We Were Told Governance Is For Govt, Not For Courts”, SC Justice Lokur’s Dig At Centre

We Were Told Governance Is For Govt, Not For Courts”, SC Justice Lokur’s Dig At Centre

“Look, the whip is broken. We have been told that governance is for the government and not for the courts. It essentially means if there is no governance, we cannot do anything”, Justice Madan B Lokur to Prashant Bhushan.

The Supreme Court hearing in a PIL pertaining to urban homeless today saw Justice Madan B Lokur making a veiled dig at the statement made by Law Minister Ravi Shankar Prasad yesterday at the Independence Day Function at SC premises.

“We have been told that governance is for the government and not for the courts. It essentially means if there is no governance, we cannot do anything”, Justice Lokur told Advocate Prashant Bhushan, appearing for one of the petitioners, told the bench that SC should crack its whip on the defaulting states, those not providing shelter to urban homeless and not even forming committees for its implementation.

“The whip is broken” the bench, also comprising Justices S Abdul Nazeer and Deepak Gupta, said.

Bhushan then told the court that chief secretaries of these states, which have not yet constituted the committees, should be asked to appear in the court to explain.

PIL related to providing shelter to urban homeless in the country. Comments came when Bhushan told the bench that several states have not yet constituted a committee to deal with the issues of implementation of the Deendayal Antyodaya Yojana-National Urban Livelihood Mission (NULM).

THE BACKGROUND

Once again criticizing judicial activism, especially related to courts interfering in policy matters, the Law Minister Ravi Shankar Prasad had yesterday said governance must be left to those who are elected to govern by the people and there should not be any interference from courts.

The occasion was the Independence Day celebration at the Supreme Court lawns in presence of Chief Justice Dipak Misra, AG K K Venugopal, and SCBA office bearers.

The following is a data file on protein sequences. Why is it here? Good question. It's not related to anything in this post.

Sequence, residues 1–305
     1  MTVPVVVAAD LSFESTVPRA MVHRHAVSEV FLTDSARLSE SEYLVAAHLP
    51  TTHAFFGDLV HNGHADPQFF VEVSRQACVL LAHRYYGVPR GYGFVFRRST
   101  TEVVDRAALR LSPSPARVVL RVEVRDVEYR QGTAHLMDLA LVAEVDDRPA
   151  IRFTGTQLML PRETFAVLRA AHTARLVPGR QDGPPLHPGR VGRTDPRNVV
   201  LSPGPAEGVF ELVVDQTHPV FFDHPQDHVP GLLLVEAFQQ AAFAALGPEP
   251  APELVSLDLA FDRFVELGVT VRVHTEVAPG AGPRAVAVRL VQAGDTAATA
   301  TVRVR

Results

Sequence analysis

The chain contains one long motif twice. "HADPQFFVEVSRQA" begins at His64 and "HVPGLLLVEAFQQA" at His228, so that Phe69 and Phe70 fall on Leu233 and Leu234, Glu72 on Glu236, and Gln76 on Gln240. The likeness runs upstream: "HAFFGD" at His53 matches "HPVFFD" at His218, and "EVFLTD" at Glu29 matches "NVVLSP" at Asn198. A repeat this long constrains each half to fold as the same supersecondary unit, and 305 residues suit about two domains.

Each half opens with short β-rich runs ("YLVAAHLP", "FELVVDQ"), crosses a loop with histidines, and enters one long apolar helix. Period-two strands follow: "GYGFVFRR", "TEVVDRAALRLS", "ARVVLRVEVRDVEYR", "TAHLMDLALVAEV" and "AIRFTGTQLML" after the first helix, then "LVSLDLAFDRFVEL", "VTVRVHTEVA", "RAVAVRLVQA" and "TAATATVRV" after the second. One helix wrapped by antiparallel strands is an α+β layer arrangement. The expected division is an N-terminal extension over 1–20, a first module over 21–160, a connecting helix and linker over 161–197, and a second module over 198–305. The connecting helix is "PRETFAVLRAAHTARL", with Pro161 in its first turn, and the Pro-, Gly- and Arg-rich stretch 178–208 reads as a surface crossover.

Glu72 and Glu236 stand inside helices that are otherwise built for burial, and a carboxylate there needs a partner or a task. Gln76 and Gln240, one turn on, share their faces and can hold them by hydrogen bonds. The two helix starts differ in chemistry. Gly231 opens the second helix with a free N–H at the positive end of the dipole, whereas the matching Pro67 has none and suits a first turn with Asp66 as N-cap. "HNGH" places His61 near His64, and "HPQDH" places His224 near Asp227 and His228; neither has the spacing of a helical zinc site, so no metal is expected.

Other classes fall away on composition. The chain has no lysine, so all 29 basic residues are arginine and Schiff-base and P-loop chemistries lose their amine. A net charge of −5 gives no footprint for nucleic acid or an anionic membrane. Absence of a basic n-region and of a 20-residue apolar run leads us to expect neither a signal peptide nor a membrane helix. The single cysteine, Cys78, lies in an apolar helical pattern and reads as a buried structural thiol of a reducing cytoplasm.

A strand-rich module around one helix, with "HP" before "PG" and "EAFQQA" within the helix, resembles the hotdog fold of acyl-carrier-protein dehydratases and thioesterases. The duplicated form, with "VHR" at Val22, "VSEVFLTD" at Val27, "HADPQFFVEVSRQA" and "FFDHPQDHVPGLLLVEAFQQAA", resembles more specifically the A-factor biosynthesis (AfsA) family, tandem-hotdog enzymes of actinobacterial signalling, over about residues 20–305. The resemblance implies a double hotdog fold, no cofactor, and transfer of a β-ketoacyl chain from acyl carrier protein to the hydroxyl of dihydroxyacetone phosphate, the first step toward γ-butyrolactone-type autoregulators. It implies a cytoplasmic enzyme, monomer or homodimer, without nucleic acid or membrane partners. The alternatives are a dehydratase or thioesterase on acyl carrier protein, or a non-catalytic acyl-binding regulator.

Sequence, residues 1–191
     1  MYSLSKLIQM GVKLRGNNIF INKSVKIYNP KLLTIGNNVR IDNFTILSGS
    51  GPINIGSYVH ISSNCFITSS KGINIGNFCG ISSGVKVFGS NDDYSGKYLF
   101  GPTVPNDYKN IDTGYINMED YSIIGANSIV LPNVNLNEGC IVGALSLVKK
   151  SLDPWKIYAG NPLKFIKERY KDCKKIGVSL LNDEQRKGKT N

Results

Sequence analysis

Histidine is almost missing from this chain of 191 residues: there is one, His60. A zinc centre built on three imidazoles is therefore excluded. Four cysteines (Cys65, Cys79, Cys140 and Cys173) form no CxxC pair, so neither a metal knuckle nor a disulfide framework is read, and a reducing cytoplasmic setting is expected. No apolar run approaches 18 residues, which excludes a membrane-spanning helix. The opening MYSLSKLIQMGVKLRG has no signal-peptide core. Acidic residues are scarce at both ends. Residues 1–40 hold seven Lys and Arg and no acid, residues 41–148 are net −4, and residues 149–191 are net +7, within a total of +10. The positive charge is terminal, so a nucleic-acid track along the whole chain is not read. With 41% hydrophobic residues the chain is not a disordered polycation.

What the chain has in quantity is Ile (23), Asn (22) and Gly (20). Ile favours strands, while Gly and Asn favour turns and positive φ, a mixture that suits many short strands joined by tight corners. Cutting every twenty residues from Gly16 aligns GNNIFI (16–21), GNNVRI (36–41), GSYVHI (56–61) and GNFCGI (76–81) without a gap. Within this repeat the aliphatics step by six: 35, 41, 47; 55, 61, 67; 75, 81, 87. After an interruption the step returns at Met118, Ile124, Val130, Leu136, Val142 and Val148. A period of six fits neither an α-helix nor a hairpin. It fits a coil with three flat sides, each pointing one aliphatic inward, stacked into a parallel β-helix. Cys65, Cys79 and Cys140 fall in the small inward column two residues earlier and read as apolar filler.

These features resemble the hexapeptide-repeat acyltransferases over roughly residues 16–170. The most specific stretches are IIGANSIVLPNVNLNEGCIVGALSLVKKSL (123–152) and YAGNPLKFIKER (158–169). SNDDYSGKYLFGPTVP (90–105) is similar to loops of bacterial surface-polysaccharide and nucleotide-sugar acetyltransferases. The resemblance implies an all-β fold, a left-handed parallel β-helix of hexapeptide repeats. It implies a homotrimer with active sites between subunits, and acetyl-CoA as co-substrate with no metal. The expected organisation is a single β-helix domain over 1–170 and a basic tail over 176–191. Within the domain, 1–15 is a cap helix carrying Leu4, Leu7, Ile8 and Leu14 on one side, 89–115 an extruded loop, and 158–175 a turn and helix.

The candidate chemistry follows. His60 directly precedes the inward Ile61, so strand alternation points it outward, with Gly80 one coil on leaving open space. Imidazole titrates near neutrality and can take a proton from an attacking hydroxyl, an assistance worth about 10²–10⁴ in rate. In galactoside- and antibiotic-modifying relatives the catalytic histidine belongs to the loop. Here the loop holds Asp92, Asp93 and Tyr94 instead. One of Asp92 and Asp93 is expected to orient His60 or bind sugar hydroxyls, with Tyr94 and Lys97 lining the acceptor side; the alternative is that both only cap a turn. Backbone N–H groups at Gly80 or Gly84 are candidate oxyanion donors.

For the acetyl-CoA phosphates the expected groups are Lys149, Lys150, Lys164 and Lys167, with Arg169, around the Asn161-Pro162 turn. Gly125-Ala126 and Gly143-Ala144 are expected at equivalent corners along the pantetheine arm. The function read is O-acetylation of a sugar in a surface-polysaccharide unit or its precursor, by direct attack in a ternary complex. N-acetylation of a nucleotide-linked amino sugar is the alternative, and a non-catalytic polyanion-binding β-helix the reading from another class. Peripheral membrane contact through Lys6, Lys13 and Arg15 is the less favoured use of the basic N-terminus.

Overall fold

“The founding fathers always said governance should be left to those who people of India elected to govern. Governance and accountability go hand in hand. Basic structure theory emphasized it. The 13 benches of the SC should maintain a healthy balance on the basic structure, separation of power. This is how I feel when we need to reflect”, he added.

Law-making should be left to the Parliament and judges should respect the constitutional principle of separation of powers, he said.

Government’s criticism of judicial activism has been the point of friction between the executive and judiciary several times of late. The government had criticized the SC for quashing the NJAC act and interfering with the administration of the BCCI. Apart from those several decisions with financial implications had also come under attack from the government.

“We are proud of the judiciary and are committed to its independence. If the executive makes a mistake, the judiciary must step in. But my problem is with governance. Governance and policy-making must be left to those who are entrusted with the task,” he said.

 AG TOO HAD MADE A SIMILAR STATEMENT

Similarly, Attorney General K K Venugopal had on August 8 told the bench that it should refrain from making hard-hitting observations while hearing public interest litigation matters since these impacted other issues plaguing the country.